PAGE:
Learning Ruby

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Developing Web-based BlackJack

So, i am finally done developing the web-version of the BlackJack game! Like i mentioned in the previous post, it was suggested in the TeaLeaf course to use procedural programming to keep it simple and focused on web application development learning!

Quoted below are the reasons for two major simplifications adopted in this first web-app development exercise -

Why procedural programming instead of OOP:

We chose to not use OOP to manage our code. We've seen that many people get stuck on OOP and can't move forward, and we want people to focus on web development and primary, HTTP in this lesson.

Why simpler session-based persistence (cookies) instead of databases:

We chose to not include databases in this section, and instead chose to use the session, which is cookie-backed, for cheap persistence. Again, the reason is because many people get stuck on database concepts, which are important, but we want to direct focus on dealing with HTTP.

Relational database will be introduced and used in the subsequent TeaLeaf courses.

Sinatra Files/Folder Structure for My App:

  • main.rb: the main Ruby file with handlers for the HTTP requests
  • config.ru: Sinatra settings and launcher file
    • use rackup -p ABCD to initiate a local WeBrick server @ port ABCD (defaults to 9292)
  • public
  • views
    • layout.erb: default (but customizable) erb layout to encompass the other erb templates in
    • other erb templates (use , :layout false while rendering to avoid embedding these in the layout.erb)

Thumb Rules Followed:

  • /GET requests generally render '.erb' (Embedded Ruby HTML templates)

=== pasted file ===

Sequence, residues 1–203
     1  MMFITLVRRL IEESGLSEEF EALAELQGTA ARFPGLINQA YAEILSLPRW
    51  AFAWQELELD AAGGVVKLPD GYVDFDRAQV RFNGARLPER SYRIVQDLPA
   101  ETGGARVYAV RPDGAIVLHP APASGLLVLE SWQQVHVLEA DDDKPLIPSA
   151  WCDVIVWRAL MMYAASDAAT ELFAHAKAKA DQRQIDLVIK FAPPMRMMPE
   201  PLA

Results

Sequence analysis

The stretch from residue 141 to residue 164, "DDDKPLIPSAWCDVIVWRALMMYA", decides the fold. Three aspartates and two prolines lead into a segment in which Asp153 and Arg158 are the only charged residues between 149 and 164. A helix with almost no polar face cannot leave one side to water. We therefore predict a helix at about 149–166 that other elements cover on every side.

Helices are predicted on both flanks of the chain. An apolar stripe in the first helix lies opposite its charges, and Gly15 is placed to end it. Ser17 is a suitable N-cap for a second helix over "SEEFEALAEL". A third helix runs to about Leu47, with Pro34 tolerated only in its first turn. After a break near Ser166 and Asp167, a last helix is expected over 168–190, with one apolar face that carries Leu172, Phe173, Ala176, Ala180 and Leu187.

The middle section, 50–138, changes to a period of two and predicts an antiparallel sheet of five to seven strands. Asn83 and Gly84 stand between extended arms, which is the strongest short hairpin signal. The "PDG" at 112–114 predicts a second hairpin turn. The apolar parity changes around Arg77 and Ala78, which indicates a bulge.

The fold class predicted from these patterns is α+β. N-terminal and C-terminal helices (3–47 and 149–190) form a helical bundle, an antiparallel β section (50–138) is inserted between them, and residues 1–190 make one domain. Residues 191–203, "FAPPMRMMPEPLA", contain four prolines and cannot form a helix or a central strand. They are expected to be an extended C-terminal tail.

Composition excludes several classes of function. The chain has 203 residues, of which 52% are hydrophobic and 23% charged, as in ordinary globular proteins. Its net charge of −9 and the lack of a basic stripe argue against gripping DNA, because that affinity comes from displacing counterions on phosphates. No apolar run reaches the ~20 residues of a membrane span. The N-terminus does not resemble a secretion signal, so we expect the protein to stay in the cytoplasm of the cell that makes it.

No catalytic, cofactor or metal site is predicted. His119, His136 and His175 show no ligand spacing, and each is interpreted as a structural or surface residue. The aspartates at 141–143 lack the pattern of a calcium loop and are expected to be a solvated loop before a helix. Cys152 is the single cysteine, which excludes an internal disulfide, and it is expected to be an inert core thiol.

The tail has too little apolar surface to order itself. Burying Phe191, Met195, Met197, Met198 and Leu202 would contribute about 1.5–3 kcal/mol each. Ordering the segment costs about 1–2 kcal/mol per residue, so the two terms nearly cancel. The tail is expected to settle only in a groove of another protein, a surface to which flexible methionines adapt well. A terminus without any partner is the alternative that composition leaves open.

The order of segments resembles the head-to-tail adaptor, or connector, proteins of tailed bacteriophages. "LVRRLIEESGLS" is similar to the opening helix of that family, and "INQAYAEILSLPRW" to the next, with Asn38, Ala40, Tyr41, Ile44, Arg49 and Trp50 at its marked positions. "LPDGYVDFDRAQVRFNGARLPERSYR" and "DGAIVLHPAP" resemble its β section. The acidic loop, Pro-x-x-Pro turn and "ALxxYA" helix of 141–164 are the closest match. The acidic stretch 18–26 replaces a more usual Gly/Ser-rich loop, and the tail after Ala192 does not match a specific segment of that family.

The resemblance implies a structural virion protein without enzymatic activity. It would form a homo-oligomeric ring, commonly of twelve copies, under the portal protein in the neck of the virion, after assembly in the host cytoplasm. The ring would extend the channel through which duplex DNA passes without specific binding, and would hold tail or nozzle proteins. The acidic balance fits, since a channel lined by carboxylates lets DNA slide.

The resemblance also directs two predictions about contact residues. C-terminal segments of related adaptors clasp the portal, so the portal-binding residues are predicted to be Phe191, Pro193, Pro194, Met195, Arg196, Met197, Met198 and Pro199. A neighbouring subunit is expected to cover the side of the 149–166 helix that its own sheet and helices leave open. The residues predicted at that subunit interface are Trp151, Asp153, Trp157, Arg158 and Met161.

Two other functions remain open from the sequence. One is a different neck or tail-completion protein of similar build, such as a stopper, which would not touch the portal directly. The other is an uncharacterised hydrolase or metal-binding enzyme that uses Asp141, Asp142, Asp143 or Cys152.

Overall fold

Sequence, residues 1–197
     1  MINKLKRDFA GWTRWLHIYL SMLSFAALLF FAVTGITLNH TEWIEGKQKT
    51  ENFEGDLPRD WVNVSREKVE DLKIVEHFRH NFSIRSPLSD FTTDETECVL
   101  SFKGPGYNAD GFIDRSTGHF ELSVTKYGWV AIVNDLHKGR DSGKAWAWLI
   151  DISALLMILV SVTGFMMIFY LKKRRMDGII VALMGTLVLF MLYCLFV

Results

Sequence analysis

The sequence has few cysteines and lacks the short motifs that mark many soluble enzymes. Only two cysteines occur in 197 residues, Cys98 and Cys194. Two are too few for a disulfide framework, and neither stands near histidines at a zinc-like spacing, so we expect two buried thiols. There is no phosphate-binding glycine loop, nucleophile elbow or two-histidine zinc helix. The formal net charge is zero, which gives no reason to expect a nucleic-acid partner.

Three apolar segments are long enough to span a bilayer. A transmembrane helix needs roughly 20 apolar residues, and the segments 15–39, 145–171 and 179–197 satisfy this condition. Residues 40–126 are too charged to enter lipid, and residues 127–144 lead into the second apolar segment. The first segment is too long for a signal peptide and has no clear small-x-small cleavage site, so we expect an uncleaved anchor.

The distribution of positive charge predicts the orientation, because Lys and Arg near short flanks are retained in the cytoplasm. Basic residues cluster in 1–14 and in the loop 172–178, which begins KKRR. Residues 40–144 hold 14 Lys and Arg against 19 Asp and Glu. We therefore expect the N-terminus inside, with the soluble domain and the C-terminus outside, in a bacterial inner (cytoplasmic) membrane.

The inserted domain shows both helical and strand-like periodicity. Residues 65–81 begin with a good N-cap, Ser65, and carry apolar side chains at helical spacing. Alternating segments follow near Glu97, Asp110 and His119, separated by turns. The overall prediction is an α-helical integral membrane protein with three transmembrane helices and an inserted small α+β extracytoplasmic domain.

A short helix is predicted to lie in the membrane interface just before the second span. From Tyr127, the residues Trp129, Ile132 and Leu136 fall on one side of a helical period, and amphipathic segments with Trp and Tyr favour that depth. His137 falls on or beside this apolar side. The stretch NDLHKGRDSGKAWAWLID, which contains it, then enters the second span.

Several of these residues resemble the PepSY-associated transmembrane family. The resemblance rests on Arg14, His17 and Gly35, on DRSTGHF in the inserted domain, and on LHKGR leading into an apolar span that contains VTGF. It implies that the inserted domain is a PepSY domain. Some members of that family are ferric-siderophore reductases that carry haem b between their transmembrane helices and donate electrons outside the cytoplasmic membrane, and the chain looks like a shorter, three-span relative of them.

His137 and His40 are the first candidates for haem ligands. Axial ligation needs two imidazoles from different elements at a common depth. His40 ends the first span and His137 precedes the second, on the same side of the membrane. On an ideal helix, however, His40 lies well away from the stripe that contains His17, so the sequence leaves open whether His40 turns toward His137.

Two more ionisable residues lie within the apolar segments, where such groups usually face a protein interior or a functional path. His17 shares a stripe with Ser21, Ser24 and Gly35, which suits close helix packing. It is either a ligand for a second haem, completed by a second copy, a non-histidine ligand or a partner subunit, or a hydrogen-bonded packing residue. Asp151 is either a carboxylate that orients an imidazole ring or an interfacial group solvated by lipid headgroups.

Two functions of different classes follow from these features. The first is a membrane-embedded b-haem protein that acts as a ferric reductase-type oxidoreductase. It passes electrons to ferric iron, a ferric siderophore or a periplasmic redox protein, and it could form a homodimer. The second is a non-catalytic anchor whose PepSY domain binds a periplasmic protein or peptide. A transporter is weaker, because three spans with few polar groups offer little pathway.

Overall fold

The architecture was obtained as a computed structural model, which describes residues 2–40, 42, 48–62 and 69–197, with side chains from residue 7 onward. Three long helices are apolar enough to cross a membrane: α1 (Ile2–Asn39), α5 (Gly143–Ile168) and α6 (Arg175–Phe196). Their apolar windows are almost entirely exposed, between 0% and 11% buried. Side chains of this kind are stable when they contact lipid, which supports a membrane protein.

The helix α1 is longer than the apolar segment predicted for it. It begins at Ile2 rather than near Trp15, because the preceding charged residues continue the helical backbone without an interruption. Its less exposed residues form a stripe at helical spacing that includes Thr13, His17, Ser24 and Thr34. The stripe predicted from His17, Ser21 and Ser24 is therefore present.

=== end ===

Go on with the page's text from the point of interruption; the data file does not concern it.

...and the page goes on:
• /POST requests generally redirect to another request (typically a \GET request handler)

Salient Features:

  • Empty string or blank spaces not allowed as player name
  • Initial chip-count or bet cannot be empty/blank, non-numeric, or > remaining chips
  • Auto adjusts bet amount if set > remaining chips and warns player accordingly
  • Using the session hash the app remembers the following:
    • last player's name
    • previous bet amount
  • Tracks and displays chip-count on the round, and betting pages
  • Player wins - message in green
  • Player loses - message in red
  • Game pushes (ties) - message in blue
  • "AJAXified" the Hit, Stay and Dealer Next Card buttons - avoids reloading the entire page

Key Takeaways:

  • the difference between client side vs server side code
  • what the DOM means and how to use jQuery to manipulate it
  • unobtrusive JavaScript, and AJAX: when, and how, to use them
  • dealing with re-binding issues when the DOM changes (the green highlighted lines are preferred over the red highlighted ones in the AJAX code below)
    $(document).ready(function() {
    - $('#hit_form input').click(function() {
    + $(document).on('click', '#hit_form input', function() {
          type: 'POST',
          url: '/round/player/hit'
        }).done(function(msg) {
    -     $('#game_area').html(msg);
    +     $('#game_area').replaceWith(msg);
        // prevent from further execution of the route
        return false; // or event.preventDefault();

Other Notes:

  • The equivalent of ShotGun gem for Windows is the Sinatra/Reloader gem. Both enable on the fly changes to the code; i.e. the local server instance need not be restarted to see the changes made to the code, a simple page refresh is enough once the changes are saved.
    if RUBY_PLATFORM.downcase.include?('w32')
      require 'sinatra/reloader'

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